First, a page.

This week, a septuagenarian warms up for a rugby match, Grant Shapps doggedly pursues his dream to have more Twitter followers than anyone else, and a JCB digger covers itself in glory

hansom for i pad

This sporting life

The indefatigable 73-year-old David Bucknall - outgoing chair of Rider Levett Bucknall - was always likely to leave the firm bearing his family name with a bang. RLB is holding no less than six separate leaving celebrations for Bucknall around the country, to be attended by the firm’s nine regional UK offices and clients and friends. Bucknall has challenged each UK office to come up with an idea to raise funds for the Birmingham and Black Country Community Foundation charity he chairs. He told one of my reporters he had heard one of the events may involve him playing his former sport rugby at his old sports club. “There’s a challenge,” he said with characteristic gusto.

To tweep or not to tweep

Regular readers will recall the storm last month after housing minister Grant Shapps was accused of using a computer programme - or “spam-bot” - to boost his followers on Twitter. The programme follows almost anyone, then unfollows them, then follows them again with the aim of increasing follower numbers. This week his followers included “Tweeps”, in the parlance, meaning tweeting in a range of languages including: Kazakh, Russian, Arabic, Spanish, Chinese, Danish, German, Turkish and Dutch. Who knew Shapps was so multi-lingual?Curiously, he also follows @TGIFGuide, the “Ultimate Girls’ Guide to all things Travel Gourmet Indulgence & Fashion in LA”.


News from Vinci UK’s technology centre in Leighton Buzzard, which is home to one of the UK’s largest testing facilities for the construction industry. It puts all manner of building products through their paces, including drop testing of flasks for carrying nuclear waste. Those people at Vinci are tough cookies but I’m told they almost met their match when Crossrail decided to test the durability of underground station floors and walls. Chewing gum and graffiti were one thing, but when it came to bodily fluids well, that was something else entirely.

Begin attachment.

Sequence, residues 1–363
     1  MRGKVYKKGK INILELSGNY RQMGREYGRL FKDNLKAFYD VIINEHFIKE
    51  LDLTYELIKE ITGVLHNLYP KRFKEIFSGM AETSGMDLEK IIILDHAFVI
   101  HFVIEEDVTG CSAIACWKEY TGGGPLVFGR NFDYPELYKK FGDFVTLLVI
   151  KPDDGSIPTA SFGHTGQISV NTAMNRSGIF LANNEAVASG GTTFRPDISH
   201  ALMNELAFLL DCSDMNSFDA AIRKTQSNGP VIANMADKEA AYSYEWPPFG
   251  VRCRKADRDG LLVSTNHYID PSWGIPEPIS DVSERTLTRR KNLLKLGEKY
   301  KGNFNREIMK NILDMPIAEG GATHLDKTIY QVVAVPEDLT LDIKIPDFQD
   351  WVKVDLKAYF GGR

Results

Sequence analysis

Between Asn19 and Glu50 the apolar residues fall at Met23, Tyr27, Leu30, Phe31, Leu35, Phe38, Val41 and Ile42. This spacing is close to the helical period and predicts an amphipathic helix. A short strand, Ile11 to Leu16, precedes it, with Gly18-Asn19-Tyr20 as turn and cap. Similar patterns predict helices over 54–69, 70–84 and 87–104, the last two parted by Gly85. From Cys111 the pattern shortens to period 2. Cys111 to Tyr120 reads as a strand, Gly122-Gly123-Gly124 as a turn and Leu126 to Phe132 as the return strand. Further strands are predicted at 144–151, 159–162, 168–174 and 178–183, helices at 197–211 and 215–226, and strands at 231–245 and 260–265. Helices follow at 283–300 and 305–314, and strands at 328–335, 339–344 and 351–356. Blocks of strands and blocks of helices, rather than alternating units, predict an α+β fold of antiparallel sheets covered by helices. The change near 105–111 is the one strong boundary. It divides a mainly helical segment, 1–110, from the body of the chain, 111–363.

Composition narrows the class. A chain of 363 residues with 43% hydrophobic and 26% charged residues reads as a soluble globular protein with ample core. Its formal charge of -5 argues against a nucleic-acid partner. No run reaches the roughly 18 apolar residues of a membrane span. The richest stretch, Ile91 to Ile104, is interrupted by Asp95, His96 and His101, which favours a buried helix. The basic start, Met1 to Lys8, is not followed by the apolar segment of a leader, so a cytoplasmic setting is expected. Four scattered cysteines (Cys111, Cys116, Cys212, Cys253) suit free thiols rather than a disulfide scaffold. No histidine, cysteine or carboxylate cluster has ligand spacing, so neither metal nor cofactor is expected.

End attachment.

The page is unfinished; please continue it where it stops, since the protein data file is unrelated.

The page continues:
What lovely panels

It gives me great pleasure to report on a match made in heaven. Former Emmerlade actress and ex-glamour model Linda Lusardi has chosen to install Ploughcroft solar panels on the roof of her house. I know this because a press release with a picture of a beaming Lusardi standing alongside said panels found its way into my inbox. Lusardi was pleased with the Ploughcroft service, as several quotes from her testify. I asked whether Lusardi was offered a good deal on the panels in return for this publicity, to which the PR said Lusardi was offered a “favorable rate”.

A slow news day

Proof, if it were needed, that we are in the summer silly season for news. A report in the Scotsman about Britain’s biggest-ever Lottery winners - Colin and Chris Weir, who won £161m in July last year - winning planning approval for an extension to their Ayrshire mansion, prompted this comment from Neil Baxter, secretary of the Royal Incorporation of Architects in Scotland (RIAS): “They [the Weirs] are going for a very traditional neo-Victorian pavilion style. The Victorian style is elegant and historically appropriate.” What a bizarre thing for RIAS to be commenting on.

Gold digger

Gold digger

It’s not just post boxes that have been painted gold to mark Team GB’s Olympics success. Manufacturing giant JCB has given one of its diggers a bling makeover and parked it outside the British Business Embassy trade events taking place at London’s Lancaster House. JCB is no doubt hoping the glossy digger will catch the eye of the scores of international politicians and businessmen visiting the capital as it hosts the Olympics and Paralympics. Nothing like a bit of shameless opportunism - I suppose this makes it a gold digger in more ways than one…